The thrust of Hemmens’ argument is that the book is Awesome Feminist Literature because it doesn’t concern him, a man, or the male gaze, or care about him as the reader, therefore it is alien and new and stupefying to him.

To which I can only ask, Dan: in 2009 had you never read a single book by a feminist, ever? Hell, let’s be charitable: maybe he meant this was the first ever fantasy or SF book he read that didn’t pander to him as a man?

So not Butler? Not Hopkinson? Hell, I’ll make this easier on him: not even big-name white women? Not le Guin, Russ, Valente, Vinge?

Not a single one?

Really? Those aren’t obscure authors, you know.

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HOUNDED – Kevin Hearne is a rancid neckbeard ape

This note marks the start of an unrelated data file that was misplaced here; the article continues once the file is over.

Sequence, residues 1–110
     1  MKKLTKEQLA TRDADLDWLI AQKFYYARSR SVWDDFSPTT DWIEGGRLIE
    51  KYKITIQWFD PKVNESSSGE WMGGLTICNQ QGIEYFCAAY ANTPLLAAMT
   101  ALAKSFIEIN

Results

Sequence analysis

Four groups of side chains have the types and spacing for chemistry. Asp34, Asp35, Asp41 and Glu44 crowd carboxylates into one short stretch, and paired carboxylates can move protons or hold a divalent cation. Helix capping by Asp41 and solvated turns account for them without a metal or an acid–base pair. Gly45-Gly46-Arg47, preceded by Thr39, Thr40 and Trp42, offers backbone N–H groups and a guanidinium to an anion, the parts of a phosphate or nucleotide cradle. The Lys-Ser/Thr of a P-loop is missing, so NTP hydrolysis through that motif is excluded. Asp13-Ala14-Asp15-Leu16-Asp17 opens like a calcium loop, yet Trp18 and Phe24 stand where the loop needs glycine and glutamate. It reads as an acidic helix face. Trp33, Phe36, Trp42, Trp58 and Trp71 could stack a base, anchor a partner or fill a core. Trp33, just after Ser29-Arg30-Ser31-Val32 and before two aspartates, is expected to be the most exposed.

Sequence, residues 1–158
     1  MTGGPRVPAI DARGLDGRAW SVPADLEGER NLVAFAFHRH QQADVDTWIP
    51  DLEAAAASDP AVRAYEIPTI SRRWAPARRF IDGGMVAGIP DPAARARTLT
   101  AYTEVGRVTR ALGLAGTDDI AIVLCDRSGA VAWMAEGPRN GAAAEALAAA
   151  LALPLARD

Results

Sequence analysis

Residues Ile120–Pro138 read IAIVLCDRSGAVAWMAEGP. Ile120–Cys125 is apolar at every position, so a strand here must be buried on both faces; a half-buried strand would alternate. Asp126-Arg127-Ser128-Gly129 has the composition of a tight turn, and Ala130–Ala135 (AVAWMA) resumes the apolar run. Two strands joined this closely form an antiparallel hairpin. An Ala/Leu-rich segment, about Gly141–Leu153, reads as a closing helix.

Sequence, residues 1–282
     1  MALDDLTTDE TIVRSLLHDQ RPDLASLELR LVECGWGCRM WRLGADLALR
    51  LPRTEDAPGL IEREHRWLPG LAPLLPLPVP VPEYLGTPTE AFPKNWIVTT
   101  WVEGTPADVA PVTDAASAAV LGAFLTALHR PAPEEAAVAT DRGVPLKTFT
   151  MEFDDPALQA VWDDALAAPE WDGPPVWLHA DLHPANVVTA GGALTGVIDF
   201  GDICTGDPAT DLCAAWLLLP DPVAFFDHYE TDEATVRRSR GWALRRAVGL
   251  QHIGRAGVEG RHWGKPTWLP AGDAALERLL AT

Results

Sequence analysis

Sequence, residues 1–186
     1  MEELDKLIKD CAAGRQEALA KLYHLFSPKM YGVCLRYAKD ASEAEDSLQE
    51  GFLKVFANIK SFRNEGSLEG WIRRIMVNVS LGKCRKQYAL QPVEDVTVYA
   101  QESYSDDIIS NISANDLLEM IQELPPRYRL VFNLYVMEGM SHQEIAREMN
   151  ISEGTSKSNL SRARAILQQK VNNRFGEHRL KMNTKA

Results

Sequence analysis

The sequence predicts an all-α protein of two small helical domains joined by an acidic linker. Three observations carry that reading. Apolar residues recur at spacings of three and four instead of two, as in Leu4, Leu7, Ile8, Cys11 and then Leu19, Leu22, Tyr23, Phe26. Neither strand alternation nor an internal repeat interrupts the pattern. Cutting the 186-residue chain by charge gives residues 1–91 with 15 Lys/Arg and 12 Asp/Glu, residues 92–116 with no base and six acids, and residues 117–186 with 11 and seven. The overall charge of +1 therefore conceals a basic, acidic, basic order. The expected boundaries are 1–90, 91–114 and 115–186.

Atticus O’Sullivan, last of the Druids, lives peacefully in Arizona, running an occult bookshop and shape-shifting in his spare time to hunt with his Irish wolfhound. His neighbors and customers think that this handsome, tattooed Irish dude is about twenty-one years old—when in actuality, he’s twenty-one centuries old. Not to mention: He draws his power from the earth, possesses a sharp wit, and wields an even sharper magical sword known as Fragarach, the Answerer.

Unfortunately, a very angry Celtic god wants that sword, and he’s hounded Atticus for centuries. Now the determined deity has tracked him down, and Atticus will need all his power—plus the help of a seductive goddess of death, his vampire and werewolf team of attorneys, a sexy bartender possessed by a Hindu witch, and some good old-fashioned luck of the Irish—to kick some Celtic arse and deliver himself from evil.